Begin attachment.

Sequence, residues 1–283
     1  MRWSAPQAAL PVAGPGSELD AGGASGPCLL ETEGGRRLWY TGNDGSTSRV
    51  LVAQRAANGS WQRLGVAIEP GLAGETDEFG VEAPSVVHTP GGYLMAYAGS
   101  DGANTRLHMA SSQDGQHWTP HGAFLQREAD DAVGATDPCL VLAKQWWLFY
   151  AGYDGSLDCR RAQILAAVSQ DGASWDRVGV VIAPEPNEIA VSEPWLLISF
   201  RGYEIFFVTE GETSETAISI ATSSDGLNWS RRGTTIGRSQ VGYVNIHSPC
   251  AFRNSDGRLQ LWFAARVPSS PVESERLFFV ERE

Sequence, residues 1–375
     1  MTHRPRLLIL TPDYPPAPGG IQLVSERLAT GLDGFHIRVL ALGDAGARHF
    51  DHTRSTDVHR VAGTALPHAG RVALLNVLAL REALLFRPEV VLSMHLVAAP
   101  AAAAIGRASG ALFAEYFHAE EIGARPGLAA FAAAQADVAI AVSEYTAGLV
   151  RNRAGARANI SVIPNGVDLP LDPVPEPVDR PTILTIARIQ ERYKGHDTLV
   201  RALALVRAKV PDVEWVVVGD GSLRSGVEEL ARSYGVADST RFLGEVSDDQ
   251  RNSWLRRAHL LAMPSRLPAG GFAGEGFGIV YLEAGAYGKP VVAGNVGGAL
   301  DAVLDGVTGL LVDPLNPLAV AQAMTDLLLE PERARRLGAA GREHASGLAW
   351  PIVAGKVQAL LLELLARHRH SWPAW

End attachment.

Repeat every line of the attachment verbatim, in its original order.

Sequence, residues 1–283
     1  MRWSAPQAAL PVAGPGSELD AGGASGPCLL ETEGGRRLWY TGNDGSTSRV
    51  LVAQRAANGS WQRLGVAIEP GLAGETDEFG VEAPSVVHTP GGYLMAYAGS
   101  DGANTRLHMA SSQDGQHWTP HGAFLQREAD DAVGATDPCL VLAKQWWLFY
   151  AGYDGSLDCR RAQILAAVSQ DGASWDRVGV VIAPEPNEIA VSEPWLLISF
   201  RGYEIFFVTE GETSETAISI ATSSDGLNWS RRGTTIGRSQ VGYVNIHSPC
   251  AFRNSDGRLQ LWFAARVPSS PVESERLFFV ERE

Sequence, residues 1–375
     1  MTHRPRLLIL TPDYPPAPGG IQLVSERLAT GLDGFHIRVL ALGDAGARHF
    51  DHTRSTDVHR VAGTALPHAG RVALLNVLAL REALLFRPEV VLSMHLVAAP
   101  AAAAIGRASG ALFAEYFHAE EIGARPGLAA FAAAQADVAI AVSEYTAGLV
   151  RNRAGARANI SVIPNGVDLP LDPVPEPVDR PTILTIARIQ ERYKGHDTLV
   201  RALALVRAKV PDVEWVVVGD GSLRSGVEEL ARSYGVADST RFLGEVSDDQ
   251  RNSWLRRAHL LAMPSRLPAG GFAGEGFGIV YLEAGAYGKP VVAGNVGGAL
   301  DAVLDGVTGL LVDPLNPLAV AQAMTDLLLE PERARRLGAA GREHASGLAW
   351  PIVAGKVQAL LLELLARHRH SWPAW